Monday, August 30, 2010

Angkor Bronzes at the Sackler Gallery in Washington

“From whatever vantage point we look, if we are prepared to look historically, civilizations reveal themselves to be processes and not things.” These true words by Sheldon Pollock, a scholar of Sanskrit and Indian history at Columbia University, also apply to art.

As fixed and solid as they seem, art objects never stay still. They are not the same from one century, or second, to the next. Not only do they change in meaning and value through time, but they also change physically. With their molecules flying off into space, they grow lighter and smaller and, if we’re paying attention, more insistently alive.

So if on a visit to “Gods of Angkor: Bronzes From the National Museum of Cambodia,” at the Arthur M. Sackler Gallery, you imagine Buddhas and Shivas hovering and buzzing around you like so many emerald green hummingbirds — here, gone, here again — you won’t be entirely wrong.

This compact exhibition of 36 metal sculptures is literally about change, or rather about attempts to reverse and forestall it. Between 1975 and 1979, the National Museum of Cambodia in Phnom Penh, one of the jewels of Southeast Asia, was all but destroyed. Khmer Rouge purges wiped out much of its staff; its buildings, abandoned, were disintegrating. The art that didn’t disappear was severely damaged.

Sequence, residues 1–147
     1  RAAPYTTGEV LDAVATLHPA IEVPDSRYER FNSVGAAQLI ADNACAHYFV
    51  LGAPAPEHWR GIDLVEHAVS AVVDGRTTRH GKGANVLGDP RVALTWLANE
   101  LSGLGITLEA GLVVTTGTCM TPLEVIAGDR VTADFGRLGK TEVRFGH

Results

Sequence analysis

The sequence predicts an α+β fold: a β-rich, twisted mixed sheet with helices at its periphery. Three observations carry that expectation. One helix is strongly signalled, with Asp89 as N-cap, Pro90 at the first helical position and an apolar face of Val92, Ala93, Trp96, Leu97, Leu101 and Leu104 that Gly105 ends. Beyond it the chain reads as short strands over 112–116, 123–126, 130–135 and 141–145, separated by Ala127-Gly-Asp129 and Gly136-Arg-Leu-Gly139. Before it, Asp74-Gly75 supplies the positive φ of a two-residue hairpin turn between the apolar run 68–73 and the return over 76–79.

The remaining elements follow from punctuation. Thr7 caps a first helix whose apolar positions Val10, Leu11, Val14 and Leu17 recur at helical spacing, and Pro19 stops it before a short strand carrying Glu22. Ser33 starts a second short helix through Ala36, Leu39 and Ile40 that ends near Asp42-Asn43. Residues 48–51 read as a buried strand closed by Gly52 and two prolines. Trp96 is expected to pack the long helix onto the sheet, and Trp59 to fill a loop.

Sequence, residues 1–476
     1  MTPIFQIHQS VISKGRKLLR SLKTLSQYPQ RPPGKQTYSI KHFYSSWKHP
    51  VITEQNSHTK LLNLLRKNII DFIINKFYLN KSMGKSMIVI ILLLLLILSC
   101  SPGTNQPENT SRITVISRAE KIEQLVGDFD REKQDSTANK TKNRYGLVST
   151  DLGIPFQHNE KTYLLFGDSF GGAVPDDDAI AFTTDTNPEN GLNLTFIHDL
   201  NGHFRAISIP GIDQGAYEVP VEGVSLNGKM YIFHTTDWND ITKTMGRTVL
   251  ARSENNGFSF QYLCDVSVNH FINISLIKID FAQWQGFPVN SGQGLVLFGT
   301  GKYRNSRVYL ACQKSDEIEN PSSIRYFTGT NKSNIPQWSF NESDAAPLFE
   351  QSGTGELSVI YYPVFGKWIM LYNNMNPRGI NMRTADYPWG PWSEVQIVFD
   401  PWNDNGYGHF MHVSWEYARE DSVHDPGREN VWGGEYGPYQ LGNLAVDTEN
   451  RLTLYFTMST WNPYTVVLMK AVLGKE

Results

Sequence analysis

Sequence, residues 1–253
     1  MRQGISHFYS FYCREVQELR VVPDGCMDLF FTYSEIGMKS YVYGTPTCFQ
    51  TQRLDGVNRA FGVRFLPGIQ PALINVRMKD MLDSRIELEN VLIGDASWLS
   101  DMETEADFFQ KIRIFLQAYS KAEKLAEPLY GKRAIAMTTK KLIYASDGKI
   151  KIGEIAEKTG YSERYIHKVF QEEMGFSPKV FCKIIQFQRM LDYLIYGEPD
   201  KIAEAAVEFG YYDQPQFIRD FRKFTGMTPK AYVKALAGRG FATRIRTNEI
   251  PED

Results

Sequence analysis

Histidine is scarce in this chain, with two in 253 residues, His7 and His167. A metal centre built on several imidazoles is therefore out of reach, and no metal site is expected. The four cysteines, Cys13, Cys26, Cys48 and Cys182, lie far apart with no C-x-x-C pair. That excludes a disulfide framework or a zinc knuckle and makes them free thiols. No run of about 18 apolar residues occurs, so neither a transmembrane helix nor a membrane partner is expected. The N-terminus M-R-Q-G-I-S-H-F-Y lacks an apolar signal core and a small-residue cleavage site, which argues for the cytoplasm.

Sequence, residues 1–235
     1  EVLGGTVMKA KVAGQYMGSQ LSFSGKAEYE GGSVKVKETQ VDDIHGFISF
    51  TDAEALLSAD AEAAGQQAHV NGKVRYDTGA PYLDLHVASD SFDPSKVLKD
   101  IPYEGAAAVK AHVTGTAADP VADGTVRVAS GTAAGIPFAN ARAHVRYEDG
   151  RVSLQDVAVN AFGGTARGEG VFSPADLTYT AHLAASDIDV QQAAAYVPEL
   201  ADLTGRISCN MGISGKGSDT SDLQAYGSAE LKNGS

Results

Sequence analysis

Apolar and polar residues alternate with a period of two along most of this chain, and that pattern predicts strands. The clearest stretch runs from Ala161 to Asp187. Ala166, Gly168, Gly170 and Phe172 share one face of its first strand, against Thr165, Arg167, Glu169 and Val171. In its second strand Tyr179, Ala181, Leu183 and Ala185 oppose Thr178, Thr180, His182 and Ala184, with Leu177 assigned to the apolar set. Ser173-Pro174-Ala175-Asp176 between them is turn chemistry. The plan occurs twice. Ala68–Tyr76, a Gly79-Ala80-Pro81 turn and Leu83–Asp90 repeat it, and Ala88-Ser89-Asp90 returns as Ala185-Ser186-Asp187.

In the decades since, the museum has struggled to become again what it was, but also something different, more modern. And other institutions have lent a hand in the recovery. In 2005 the Freer and Sackler galleries, collaborating with the Getty Foundation in Los Angeles, provided financial and technical support for the Cambodian museum’s first metal-conservation laboratory, primarily for the care and study of the collection’s magnificent bronzes.

To read more:

There is also a photo slide show of some items of the exhibition available:

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